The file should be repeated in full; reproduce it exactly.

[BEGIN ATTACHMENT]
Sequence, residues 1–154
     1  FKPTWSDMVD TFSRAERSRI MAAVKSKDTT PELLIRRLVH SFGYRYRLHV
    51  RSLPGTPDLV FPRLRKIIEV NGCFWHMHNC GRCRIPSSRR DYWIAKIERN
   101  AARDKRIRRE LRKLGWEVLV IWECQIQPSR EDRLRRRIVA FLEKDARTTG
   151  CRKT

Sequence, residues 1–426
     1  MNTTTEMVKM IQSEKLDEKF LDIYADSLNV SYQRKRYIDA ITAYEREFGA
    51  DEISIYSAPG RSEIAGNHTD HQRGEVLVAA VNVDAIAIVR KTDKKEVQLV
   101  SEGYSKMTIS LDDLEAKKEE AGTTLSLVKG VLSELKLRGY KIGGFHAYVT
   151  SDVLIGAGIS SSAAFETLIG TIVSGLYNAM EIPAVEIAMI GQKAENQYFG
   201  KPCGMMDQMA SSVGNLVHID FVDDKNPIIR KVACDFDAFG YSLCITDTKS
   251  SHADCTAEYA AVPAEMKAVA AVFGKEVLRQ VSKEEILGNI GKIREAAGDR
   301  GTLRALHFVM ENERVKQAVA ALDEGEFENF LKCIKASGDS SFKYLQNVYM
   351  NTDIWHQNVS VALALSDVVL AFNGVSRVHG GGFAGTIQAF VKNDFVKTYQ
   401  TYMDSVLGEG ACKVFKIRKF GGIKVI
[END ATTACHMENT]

Sequence, residues 1–154
     1  FKPTWSDMVD TFSRAERSRI MAAVKSKDTT PELLIRRLVH SFGYRYRLHV
    51  RSLPGTPDLV FPRLRKIIEV NGCFWHMHNC GRCRIPSSRR DYWIAKIERN
   101  AARDKRIRRE LRKLGWEVLV IWECQIQPSR EDRLRRRIVA FLEKDARTTG
   151  CRKT

Sequence, residues 1–426
     1  MNTTTEMVKM IQSEKLDEKF LDIYADSLNV SYQRKRYIDA ITAYEREFGA
    51  DEISIYSAPG RSEIAGNHTD HQRGEVLVAA VNVDAIAIVR KTDKKEVQLV
   101  SEGYSKMTIS LDDLEAKKEE AGTTLSLVKG VLSELKLRGY KIGGFHAYVT
   151  SDVLIGAGIS SSAAFETLIG TIVSGLYNAM EIPAVEIAMI GQKAENQYFG
   201  KPCGMMDQMA SSVGNLVHID FVDDKNPIIR KVACDFDAFG YSLCITDTKS
   251  SHADCTAEYA AVPAEMKAVA AVFGKEVLRQ VSKEEILGNI GKIREAAGDR
   301  GTLRALHFVM ENERVKQAVA ALDEGEFENF LKCIKASGDS SFKYLQNVYM
   351  NTDIWHQNVS VALALSDVVL AFNGVSRVHG GGFAGTIQAF VKNDFVKTYQ
   401  TYMDSVLGEG ACKVFKIRKF GGIKVI